This book is an account of a walking tour of England by a young man. Mostly, it's full of wry and critical descriptions of the people he encounters. There are odd aunts, strange villagers, haunting fellow hostel guests.
Welch himself was a visual artist by training. He was a promising, public school educated young man when he had a crippling bicycle accident.
His writing consistently describes athletic situations: swimming, skiing, bicycling. Because he wrote so little, though, I'm not certain how important this was to him.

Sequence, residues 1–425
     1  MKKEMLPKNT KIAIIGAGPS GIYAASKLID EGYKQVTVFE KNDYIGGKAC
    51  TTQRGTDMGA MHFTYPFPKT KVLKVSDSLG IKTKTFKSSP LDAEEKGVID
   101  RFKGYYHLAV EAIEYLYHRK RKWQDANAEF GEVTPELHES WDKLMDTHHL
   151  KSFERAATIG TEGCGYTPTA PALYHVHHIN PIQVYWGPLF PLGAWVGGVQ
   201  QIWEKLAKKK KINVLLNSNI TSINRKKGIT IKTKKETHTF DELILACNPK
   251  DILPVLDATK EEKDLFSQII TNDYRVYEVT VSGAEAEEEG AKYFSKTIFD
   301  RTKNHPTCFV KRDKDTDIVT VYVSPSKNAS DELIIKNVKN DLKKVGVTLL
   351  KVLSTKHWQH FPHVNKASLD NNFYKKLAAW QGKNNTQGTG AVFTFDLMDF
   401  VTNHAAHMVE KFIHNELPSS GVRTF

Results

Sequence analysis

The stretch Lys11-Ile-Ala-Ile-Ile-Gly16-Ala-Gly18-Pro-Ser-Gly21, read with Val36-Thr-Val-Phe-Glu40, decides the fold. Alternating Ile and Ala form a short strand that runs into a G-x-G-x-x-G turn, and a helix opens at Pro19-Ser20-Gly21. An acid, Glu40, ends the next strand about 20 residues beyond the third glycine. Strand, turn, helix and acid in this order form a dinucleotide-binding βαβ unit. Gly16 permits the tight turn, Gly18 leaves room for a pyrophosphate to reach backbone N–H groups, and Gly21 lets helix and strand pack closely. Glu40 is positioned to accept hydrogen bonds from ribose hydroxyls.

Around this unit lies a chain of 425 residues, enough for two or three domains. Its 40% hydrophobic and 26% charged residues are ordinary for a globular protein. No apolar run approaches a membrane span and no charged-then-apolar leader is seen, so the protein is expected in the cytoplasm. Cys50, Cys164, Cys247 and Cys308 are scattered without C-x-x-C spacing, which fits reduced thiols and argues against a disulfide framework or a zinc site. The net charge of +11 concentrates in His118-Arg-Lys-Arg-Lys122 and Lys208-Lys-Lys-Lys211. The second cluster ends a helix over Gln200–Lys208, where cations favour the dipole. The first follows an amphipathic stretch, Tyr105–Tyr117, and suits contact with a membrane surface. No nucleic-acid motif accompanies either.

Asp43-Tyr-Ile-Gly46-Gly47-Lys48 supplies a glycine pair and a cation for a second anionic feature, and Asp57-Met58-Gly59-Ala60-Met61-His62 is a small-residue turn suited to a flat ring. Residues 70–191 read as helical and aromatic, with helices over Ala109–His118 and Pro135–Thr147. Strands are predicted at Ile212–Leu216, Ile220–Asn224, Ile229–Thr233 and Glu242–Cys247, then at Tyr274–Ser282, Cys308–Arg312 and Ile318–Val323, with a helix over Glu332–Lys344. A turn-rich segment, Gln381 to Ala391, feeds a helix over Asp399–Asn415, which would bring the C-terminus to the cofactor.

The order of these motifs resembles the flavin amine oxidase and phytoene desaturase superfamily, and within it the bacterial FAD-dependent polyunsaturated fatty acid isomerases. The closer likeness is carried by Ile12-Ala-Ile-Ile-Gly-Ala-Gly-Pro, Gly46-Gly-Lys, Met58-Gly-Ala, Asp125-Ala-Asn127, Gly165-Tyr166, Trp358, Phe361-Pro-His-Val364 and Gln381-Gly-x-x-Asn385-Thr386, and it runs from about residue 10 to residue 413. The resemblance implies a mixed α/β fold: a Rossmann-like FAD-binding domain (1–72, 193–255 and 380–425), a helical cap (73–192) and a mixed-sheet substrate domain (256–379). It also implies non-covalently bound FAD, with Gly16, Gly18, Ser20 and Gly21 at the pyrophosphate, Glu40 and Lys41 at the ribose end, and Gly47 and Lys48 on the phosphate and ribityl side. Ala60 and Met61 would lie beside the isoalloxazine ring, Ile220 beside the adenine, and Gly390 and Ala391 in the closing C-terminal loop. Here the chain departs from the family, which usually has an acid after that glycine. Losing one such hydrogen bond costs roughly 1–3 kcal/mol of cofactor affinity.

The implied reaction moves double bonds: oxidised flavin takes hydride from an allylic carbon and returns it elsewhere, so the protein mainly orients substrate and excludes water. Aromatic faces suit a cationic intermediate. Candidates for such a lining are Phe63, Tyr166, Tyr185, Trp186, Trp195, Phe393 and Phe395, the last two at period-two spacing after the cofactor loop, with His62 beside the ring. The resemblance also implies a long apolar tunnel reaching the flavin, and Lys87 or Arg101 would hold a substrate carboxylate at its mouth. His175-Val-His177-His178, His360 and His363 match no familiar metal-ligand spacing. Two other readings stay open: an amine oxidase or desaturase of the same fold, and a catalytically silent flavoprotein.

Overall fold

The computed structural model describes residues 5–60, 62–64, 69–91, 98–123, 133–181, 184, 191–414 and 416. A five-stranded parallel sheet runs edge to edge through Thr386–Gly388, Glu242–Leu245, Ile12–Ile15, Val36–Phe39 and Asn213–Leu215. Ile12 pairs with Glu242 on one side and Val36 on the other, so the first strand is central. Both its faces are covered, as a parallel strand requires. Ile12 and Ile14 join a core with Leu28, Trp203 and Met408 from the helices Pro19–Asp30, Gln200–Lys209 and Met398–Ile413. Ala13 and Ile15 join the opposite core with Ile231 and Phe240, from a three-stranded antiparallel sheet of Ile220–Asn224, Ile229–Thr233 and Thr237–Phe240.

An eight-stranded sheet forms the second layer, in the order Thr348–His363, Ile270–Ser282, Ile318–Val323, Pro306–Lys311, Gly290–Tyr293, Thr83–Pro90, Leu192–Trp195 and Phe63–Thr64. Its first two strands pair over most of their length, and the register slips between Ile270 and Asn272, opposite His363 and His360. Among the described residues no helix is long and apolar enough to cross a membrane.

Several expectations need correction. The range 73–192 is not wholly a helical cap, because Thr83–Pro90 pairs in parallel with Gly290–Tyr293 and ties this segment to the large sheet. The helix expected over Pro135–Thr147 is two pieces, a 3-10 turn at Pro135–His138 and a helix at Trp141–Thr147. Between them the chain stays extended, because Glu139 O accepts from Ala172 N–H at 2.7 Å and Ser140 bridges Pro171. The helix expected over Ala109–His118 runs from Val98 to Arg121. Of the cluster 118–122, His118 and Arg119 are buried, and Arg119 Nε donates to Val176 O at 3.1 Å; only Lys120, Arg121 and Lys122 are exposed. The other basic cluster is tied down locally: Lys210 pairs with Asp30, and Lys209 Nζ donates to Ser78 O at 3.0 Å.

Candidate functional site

As I read, I felt I was in the company of Paul Theroux. Then I'd feel it was Graham Greene or DH Lawrence. He's such a craftsman of the written word. His skills equal those of the other writers I'm mentioning here. However, it's a shame to compare him to these writers. He simply didn't leave enough writing behind him. Welch feels very accessible. Though his writing has become obscure to us, there is no feeling that he is writing in an obscure way.
You have an oppurtunity to be the first one on your block to get to know Welch. The fun part is that nobody has to know just how easy Welch is to read.